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I’m a bit anal about character names. There’s a lot of criteria I need to check names off against when I’m planning MCs. I typically use baby name lists for real world names and name generators for fantasy name inspiration that I chop up and smoosh together. 

They have to collectively not sound too alike, both phonetically and syllable...wise? Course they have to fit the world, and region, and whatever other social circumstances. If it’s a rare or fantasy name, my biggest concern is finding something that doesn’t look too odd when repeated multiple times in a paragraph. And I like to know the meanings and pronunciations of course too, just to make sure I didn’t name them after a cow turd or something. Then, once that’s all figured out, they have to feel right for the character. 

This process can take anywhere from 10 minutes to hooours. Like the fantasy world char I’m trying to name right now. Lufer… Elari… Luflaraoisjd…? FML.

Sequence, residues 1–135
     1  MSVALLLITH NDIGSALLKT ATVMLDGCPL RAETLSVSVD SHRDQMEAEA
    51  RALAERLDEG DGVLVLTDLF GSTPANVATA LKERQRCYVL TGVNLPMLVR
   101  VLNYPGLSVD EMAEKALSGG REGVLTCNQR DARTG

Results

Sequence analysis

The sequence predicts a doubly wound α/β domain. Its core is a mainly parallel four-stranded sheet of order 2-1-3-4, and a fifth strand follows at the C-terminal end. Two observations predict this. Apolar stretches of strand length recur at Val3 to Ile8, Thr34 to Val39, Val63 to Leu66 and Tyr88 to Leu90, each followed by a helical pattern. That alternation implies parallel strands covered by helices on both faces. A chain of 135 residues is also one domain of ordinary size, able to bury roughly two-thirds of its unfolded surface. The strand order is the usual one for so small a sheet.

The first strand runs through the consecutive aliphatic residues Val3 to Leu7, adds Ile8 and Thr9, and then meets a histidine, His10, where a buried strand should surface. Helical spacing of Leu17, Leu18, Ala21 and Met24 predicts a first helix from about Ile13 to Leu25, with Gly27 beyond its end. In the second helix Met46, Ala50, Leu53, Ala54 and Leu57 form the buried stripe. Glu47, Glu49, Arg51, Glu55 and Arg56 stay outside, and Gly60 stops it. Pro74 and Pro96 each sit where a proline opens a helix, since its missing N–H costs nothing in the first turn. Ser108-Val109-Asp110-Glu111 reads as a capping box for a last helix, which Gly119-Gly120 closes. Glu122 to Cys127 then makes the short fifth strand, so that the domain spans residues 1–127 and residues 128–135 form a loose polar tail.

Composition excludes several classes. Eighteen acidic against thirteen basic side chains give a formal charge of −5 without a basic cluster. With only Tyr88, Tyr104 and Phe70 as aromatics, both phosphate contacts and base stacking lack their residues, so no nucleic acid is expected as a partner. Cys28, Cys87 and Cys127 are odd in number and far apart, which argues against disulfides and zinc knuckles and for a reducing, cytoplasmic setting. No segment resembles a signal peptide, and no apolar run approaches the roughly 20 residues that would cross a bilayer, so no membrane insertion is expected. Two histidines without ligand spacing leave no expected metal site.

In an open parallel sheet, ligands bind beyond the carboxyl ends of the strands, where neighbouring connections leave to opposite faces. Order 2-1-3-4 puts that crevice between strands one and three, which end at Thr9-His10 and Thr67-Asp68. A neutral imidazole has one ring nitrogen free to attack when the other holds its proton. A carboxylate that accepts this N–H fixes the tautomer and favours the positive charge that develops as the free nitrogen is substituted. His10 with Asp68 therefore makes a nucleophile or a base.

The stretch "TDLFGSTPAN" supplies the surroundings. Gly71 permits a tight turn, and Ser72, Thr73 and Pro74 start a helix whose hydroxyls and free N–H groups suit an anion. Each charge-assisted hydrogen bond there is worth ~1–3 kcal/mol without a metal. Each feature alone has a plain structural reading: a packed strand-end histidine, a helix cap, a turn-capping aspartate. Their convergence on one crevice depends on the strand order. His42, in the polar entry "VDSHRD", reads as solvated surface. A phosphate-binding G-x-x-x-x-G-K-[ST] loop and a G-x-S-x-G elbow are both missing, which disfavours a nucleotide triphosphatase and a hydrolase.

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8 minutes ago, JayDee said:

My new rule is to only read any work of fiction if it contains at least one character, male, female or other, called “Bob” or “Bobbie”.

::peruses WIPs:: Well, shit. I have no Bobs or Bobbies, but I do have lots of dangly bits. Oh, well…:lol:

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56 minutes ago, JayDee said:

My new rule is to only read any work of fiction if it contains at least one character, male, female or other, called “Bob” or “Bobbie”.

Like BW, I have no Bob or Bobbie, but I do have a nicknamed Robbie...  Doesn't count?  Damn, I tried...

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17 hours ago, CloverReef said: